Cucumbers are a controversial fruit (yes, you heard us – fruit). Their deliciousness is the source of heated debate: crunchy bursts of hydration or the watery grave of snacks?
We’ll let your dog decide on that.
The short answer: Yes!
Cucumbers are as dog-safe as it comes. From seed to peel they’re non-toxic, nutritious, and packed full of sneaky health benefits.
Cucumbers are intensely hydrating, made of 96% water: the ideal summer day snack. If your dog struggles with their water consumption (which, same) then cucumber ticks all the boxes.
Cucumbers come vet recommended, for tons of reasons. They’re rich in Vitamin K, which nourishes bone density and prevents joint breakdown. They’re also impressively low calorie, with a whole medium cucumber worth just 125 kilojoules. They’ve got a pinch of sugar compared to most other fruits, with only 1.67g per 100g. Compare that to a whopping 13g in a fruit like mango.
We know, it kinda feels like cheating comparing cucumbers to most other fruits. But don’t blame us – we didn’t decide their genus. 🥒
Cucumbers are most notable for their flavonoids. These are antioxidants found in a select few foods, and incredible for your dog’s long-term health.
Antioxidants are constantly fighting the build-up of free radicals in the body: microscopic bad guys, responsible for chronic disease, inflammation and accelerating the ageing process.
Can my dog eat cucumber skin?
Yep. The skin, peel or rind – whatever you want to call it – of a cucumber is packed full of soluble fibre. Cucumber skin is delicious, brilliant for your dog’s digestive system and can help encourage well-formed poos.
Can my dog eat cucumber seeds?
Cucumber seeds are completely safe for your dog to munch on, so no need to scoop them out before serving. Bon appétit.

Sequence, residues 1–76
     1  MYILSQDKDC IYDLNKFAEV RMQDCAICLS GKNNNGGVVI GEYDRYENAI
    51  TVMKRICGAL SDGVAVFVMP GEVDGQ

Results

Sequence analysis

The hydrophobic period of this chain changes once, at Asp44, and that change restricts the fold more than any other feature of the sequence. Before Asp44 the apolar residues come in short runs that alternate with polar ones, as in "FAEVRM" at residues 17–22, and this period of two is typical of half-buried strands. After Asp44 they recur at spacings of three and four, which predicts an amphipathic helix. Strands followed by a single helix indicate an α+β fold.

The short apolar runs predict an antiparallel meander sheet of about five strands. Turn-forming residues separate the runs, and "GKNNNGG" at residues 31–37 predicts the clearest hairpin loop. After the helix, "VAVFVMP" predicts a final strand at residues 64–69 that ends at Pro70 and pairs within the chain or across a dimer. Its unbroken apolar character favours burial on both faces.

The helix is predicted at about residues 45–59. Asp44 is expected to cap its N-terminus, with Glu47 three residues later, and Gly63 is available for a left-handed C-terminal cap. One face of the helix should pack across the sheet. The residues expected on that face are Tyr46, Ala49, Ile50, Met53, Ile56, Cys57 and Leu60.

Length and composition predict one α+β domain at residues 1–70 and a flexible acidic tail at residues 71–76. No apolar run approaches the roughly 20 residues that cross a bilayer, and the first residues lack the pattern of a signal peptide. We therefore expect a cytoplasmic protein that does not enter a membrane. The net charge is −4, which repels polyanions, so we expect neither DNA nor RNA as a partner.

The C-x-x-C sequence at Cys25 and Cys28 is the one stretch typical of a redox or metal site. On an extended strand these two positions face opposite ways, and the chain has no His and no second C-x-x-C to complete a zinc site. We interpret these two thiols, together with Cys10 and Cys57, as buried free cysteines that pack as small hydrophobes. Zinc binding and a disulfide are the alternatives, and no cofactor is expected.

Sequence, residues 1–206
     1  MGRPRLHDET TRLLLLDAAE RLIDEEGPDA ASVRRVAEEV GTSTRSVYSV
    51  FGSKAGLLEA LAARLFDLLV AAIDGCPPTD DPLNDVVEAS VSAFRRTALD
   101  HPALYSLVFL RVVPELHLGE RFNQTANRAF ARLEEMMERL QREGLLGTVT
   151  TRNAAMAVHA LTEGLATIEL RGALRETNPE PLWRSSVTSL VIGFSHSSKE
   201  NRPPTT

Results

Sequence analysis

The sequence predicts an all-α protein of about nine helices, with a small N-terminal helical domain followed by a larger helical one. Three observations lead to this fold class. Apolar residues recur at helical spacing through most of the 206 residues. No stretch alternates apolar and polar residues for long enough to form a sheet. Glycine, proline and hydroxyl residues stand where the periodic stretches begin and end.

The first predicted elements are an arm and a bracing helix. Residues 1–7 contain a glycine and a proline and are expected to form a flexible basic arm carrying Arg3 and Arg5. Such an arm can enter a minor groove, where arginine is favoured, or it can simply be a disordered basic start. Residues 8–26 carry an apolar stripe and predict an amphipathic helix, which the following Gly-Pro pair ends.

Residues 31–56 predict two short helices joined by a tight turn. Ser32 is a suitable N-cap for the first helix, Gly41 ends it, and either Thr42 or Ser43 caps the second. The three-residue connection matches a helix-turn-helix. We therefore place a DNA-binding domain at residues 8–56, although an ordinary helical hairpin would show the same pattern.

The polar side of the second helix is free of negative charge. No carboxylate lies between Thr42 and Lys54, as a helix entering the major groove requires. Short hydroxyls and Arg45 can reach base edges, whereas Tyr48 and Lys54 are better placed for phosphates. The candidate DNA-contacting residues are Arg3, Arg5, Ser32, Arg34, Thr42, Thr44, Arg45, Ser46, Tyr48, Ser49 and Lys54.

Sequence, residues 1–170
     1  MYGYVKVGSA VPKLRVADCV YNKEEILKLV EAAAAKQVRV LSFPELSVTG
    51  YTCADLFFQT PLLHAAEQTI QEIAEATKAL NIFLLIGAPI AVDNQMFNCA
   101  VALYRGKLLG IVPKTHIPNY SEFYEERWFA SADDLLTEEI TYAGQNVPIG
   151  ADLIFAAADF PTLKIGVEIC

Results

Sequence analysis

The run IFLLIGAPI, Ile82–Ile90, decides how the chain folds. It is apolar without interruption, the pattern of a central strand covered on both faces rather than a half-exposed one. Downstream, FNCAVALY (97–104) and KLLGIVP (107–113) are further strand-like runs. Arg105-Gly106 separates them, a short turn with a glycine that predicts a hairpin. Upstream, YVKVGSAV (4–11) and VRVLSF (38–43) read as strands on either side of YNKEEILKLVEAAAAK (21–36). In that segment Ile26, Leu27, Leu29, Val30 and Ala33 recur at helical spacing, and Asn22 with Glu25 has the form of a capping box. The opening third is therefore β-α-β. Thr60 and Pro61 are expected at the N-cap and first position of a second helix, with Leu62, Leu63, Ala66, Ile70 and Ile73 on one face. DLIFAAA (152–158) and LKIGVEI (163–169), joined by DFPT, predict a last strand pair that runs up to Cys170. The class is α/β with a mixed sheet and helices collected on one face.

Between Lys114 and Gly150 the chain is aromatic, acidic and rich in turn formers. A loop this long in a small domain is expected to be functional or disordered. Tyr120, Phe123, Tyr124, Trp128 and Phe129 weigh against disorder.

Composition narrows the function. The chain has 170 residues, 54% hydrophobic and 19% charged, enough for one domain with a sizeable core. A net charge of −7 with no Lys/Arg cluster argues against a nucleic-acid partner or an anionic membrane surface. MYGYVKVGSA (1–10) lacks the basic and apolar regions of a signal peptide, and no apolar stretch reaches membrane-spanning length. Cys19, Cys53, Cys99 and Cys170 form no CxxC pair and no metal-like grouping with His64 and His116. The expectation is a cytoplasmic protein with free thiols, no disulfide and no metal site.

Can my dog eat cucumber leaves?
The entire cucumber plant is edible, straight down to the leaves. Whether your dog will find them particularly appetising may be another story. 🍃
Can puppies eat cucumber?
Fed occasionally, cucumbers are a perfectly safe snack for your puppy, alongside their nutritionally balanced and age appropriate puppy food.
But since puppies have such specific nutrient needs to support their growth, we always recommend feeding treats & extras in moderation.
When is cucumber bad for dogs?
It’s best to avoid feeding too much of any treat, and the same goes for cucumber. They’re packed full of soluble fibre, which hydrates the digestive system and encourages smooth-moving number 2s. But too much and you’re just asking for diarrhoea.
Can my dog eat pickles?
Pickles are not a dog-approved treat. They’re usually imbued with spices, loads of salt and oils that are unnecessary, or even harmful. Leave them for your cheeseburger instead.
How much cucumber can my dog eat?
According to The Preventative Vet (2021), treats should make up no more than 10% of your dog’s total diet. This is your best bet at avoiding canine obesity and the slew of health conditions that come with it.
With that in mind, there’s no good reason to give your dog a whole cucumber. For small fries, a few slices should suffice. For bigger dogs, no more than half a medium-sized cucumber.
How to prepare cucumber for dogs
Raw cucumber is best, though you can cook it if you really feel the need to. But in general, cooking cucumber will deplete its nutritional value, plus reduce the crunch that makes it so fun. So what’s the point?